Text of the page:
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Overwhelmed Undergrad: Gap Year and Grad School Advice?

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Hi all, 

I know there are a plethora of these posts out there, but they've seemed pretty helpful and I am, as the title states, overwhelmed.

The run-down: I'm a current undergrad (psychology major and linguistics minor) set to graduate this June at UCSD; my GPA isn't the most stellar (3.5 Cumulative, 3.6 Psych) and I've yet to take the GRE. I ended up finishing all my coursework a year early due to funds and I'm planning to use that "fourth" year as a gap year so I can continue working at the two labs I'm currently involved in and figure out if I want to pursue psycholinguistics/ applied psych or school psych. One is more clinical and I mostly just help monitor assessments on children at risk for autism, while the other is more research-based and is focused on psycholinguistics, but I haven't been involved in any presentations or publications as of current. Volunteer-wise, I help out at the LGBTQ center on campus and I'm on the board for an org that sends undergrad volunteers out to partners schools around the city to work in classrooms and after-school programs.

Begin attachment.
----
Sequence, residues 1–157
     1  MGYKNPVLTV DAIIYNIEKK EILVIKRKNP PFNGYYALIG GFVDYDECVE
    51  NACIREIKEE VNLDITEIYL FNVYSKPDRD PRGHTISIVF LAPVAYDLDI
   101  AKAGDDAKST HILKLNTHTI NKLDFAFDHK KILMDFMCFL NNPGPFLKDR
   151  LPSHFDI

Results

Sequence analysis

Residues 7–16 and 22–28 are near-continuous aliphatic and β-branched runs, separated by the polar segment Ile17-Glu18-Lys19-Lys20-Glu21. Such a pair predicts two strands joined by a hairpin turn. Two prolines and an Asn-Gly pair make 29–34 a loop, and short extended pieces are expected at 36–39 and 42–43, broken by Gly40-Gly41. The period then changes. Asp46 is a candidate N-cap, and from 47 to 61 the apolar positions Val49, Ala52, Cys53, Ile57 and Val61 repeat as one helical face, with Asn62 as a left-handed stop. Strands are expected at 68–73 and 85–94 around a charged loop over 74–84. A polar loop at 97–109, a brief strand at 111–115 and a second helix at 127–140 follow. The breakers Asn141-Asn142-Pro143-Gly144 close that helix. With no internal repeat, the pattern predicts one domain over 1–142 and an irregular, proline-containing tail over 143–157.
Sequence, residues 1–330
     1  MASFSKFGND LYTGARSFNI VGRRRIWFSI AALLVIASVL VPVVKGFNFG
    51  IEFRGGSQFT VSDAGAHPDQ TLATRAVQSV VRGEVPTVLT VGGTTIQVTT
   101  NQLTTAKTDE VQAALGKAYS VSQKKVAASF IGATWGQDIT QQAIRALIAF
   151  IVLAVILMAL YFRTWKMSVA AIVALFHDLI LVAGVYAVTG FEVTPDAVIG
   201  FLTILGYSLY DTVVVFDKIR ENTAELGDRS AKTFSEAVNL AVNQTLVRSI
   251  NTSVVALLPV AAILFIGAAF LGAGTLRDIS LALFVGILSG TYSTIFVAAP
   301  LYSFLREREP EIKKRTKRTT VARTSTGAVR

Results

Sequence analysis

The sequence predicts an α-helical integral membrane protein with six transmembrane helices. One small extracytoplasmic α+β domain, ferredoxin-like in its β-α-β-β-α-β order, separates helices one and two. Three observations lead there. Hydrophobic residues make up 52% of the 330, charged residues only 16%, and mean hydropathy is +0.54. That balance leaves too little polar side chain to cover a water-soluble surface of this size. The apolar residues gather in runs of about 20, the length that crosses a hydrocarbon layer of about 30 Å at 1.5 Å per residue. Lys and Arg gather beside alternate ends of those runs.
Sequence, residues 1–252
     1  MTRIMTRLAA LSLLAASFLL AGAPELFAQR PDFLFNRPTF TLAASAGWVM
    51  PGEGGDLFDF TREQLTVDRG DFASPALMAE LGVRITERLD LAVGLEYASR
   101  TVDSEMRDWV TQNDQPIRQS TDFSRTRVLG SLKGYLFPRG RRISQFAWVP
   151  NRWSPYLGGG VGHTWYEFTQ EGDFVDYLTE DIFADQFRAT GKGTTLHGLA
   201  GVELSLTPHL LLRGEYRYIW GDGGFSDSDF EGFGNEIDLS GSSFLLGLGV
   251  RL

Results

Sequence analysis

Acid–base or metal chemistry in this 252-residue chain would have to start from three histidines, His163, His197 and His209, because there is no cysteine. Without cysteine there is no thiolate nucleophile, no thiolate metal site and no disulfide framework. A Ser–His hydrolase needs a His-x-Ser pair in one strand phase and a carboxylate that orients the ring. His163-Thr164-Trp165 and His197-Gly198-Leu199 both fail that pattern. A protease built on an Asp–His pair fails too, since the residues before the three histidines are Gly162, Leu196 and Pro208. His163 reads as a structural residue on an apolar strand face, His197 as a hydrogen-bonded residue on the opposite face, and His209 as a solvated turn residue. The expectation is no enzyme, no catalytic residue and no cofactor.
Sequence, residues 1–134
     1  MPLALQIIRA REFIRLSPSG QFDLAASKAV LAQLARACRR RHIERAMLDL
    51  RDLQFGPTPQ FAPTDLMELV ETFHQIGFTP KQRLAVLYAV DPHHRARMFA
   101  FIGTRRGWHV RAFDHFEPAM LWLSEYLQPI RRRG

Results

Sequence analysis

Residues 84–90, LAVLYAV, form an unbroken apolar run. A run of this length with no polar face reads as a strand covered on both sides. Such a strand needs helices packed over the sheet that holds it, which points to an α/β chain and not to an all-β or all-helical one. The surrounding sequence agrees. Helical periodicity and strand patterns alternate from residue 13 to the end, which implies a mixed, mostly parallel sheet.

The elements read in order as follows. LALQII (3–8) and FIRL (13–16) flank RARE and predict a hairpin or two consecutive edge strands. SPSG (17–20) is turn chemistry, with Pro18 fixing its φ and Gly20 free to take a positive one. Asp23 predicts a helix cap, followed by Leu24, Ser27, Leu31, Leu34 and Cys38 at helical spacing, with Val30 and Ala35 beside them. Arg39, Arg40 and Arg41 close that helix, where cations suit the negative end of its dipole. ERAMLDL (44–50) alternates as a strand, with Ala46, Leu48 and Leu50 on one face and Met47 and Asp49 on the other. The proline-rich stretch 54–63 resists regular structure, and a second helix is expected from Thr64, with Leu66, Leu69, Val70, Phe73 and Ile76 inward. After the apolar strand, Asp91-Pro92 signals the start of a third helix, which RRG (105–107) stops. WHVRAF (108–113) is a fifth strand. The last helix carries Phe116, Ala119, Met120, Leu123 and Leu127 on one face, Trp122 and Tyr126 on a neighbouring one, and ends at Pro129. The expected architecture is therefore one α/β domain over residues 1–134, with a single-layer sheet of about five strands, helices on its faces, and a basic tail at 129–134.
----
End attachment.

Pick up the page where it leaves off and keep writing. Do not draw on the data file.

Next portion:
The problem(s): I'd really like to go to grad school in the future, but I feel like my experience and whatnot is inadequate compared to what I've seen from other applicants. As I mentioned before, I'll be taking the 2018-2019 year to continue working at my UG labs, but other than that I'm kind of lost. I definitely have to find a full-time job to support myself since I'm not originally from the area and have to rely on my own funds to repay my loans and rent, but relevant jobs I have found in psychology or teaching have all required reliable transportation ( aka a car ), which I don't have right now. I definitely don't mind just taking any job to pay the bills and beefing up my resume with volunteer experience, though.